In the wake to two controversial police shootings in Connecticut, the latest Connecticut State Police contract exempts officers’ personnel records and grievance hearings from public disclosure under the state’s Freedom of Information statute.
Along with the wage increases and benefits totaling $22.1 million outlined in the contract, Article 9 states “The Department shall not, absent a court order, disclose or transmit any personal data to any other individual, corporation or government agency without the consent of the person.”
In the previous contract, the department would not have to release the records except for various reasons, one of which being that the release was “authorized by statute.” This provision is crossed out in the new contract.
The State Police will only have to disclose personnel records if there is an imminent threat to the officer’s safety or under court order.
The section of the contract is listed in the “supersedence appendix” to the contract under the listing “New Provision,” and shows that Connecticut General Statute 4-193 is to be overridden by the contract.
CGS 4-193 concerns informing employees of agency regulations related to personal records disclosure and the state’s Freedom of Information laws.
Connecticut is the only state in the country in which a labor contract can override state law.
Following a car chase and officer-involved shooting in Wethersfield, media outlets obtained Officer Layau Eulizier’s personnel records from his time in the Manchester Police Department.
According to the Hartford Courant, work records revealed Eulizier exhibited “poor performance under stress and tactical mistakes during traffic stops.”
But such information may not be available to the media or public for Connecticut State Police officers in the future.
David McGuire, executive director for the American Civil Liberties Union Connecticut, says the contract provision is a “slap in the face to communities and people across the state who are right now demanding transparency from their local police departments.”
“No government agency should be allowed to keep the public in the dark, especially one whose employees carry weapons and arrest and kill people,” McGuire said. “This attempt to exempt the Connecticut State Police from Freedom of Information laws shows just how out of touch police are with the people they are supposed to serve.”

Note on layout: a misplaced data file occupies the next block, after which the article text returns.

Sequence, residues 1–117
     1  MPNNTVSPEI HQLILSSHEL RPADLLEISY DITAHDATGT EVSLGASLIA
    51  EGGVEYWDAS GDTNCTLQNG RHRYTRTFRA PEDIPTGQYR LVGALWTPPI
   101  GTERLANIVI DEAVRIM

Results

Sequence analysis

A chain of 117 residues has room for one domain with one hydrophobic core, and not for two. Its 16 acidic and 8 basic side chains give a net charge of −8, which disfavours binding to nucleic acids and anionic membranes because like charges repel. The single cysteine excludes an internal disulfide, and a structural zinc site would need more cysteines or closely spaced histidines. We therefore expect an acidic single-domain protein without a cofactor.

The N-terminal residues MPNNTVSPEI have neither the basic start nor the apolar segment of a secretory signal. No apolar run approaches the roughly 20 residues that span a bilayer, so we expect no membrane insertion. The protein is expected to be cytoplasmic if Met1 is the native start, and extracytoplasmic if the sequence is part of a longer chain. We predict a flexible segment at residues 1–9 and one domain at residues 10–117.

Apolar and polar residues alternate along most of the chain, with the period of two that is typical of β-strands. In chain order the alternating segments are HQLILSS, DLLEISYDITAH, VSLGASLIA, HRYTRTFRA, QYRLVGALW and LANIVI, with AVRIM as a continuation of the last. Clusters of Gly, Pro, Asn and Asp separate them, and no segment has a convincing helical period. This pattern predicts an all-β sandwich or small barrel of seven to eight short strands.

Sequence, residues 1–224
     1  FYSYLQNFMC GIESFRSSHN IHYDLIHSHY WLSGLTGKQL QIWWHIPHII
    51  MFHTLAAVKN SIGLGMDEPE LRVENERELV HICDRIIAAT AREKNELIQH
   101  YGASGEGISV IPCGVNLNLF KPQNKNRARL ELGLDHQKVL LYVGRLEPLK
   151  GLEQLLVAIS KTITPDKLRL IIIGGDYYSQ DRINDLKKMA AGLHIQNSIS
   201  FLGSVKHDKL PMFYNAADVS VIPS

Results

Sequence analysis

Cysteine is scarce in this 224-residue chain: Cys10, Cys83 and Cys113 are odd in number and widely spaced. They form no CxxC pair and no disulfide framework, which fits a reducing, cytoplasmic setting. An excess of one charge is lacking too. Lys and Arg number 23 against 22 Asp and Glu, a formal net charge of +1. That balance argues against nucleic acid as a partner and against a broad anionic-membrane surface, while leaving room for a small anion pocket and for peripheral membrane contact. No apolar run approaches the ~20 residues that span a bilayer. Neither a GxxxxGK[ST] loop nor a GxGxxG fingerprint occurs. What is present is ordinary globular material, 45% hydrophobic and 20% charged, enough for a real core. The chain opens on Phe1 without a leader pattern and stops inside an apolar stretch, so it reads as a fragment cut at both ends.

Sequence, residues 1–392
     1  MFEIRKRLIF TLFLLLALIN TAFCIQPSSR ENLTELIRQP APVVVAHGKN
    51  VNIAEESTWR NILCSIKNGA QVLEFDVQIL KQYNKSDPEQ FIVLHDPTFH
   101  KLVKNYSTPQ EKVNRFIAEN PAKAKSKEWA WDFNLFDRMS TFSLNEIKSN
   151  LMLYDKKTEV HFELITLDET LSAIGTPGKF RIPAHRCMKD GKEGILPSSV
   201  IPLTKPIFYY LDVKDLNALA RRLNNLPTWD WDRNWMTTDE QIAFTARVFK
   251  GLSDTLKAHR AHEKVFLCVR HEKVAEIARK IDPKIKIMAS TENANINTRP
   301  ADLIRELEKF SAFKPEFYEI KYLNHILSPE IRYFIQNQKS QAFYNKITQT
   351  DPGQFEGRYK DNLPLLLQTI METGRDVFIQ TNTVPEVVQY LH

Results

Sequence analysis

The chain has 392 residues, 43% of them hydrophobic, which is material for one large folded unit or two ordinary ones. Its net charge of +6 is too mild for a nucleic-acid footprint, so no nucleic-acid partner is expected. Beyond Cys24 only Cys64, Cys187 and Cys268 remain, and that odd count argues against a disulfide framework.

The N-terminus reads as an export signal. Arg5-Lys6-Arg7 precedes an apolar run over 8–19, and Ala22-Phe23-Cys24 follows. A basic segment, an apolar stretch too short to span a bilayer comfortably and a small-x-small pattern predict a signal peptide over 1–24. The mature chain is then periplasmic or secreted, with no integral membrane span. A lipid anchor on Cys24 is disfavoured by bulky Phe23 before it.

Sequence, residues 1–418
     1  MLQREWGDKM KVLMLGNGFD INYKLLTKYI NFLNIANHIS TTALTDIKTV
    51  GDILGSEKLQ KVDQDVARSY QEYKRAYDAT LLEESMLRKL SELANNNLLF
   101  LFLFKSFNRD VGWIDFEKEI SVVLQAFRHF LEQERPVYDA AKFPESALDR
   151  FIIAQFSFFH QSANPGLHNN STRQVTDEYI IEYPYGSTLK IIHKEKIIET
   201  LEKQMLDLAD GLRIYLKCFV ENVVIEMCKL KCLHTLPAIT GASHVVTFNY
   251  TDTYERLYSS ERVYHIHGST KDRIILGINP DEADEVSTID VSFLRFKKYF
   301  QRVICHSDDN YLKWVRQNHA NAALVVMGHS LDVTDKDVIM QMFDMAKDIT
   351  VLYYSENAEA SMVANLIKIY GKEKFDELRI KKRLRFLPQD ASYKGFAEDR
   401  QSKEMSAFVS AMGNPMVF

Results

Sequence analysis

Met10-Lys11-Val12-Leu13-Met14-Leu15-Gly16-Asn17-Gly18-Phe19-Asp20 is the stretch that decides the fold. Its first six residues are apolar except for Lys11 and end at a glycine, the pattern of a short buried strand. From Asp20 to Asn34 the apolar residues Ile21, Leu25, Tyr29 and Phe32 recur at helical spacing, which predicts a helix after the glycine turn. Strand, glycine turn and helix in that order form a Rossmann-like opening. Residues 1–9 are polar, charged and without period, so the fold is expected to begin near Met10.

The State Police would not be the only labor contract that hides personnel records by overriding Connecticut’s Freedom of Information laws.
Media outlets criticized the labor contract for professors in the Connecticut State College and University System after reporters tried to obtain personnel records for a Central Connecticut State University professor accused of sexual harassment by former students.
The CSU-AAUP contract prevents professor’s personnel records from being disclosed the public. The contract was recently renewed under the 2017 SEBAC agreement and remains in effect until 2021.
But it appears other public-sector unions are catching on to the trend.
Both the State Police and Department of Correction union contracts prevent public disclosure of grievance proceedings and subsequently override Connecticut’s FOI statute in their supersedence appendices.
Grievance hearings are held concerning disciplinary measures against employees or contract disputes between the union and the managing state agency.
It is not known at this time whether the final decision of a grievance arbitration hearing will remain subject to state FOI laws.
The contract for the State Police states “the parties agree the grievance and arbitration procedure to be a private matter and therefore not open to the public or media.”
The contract passed out of the Democrat-controlled Appropriations Committee and will now go to the General Assembly for approval.
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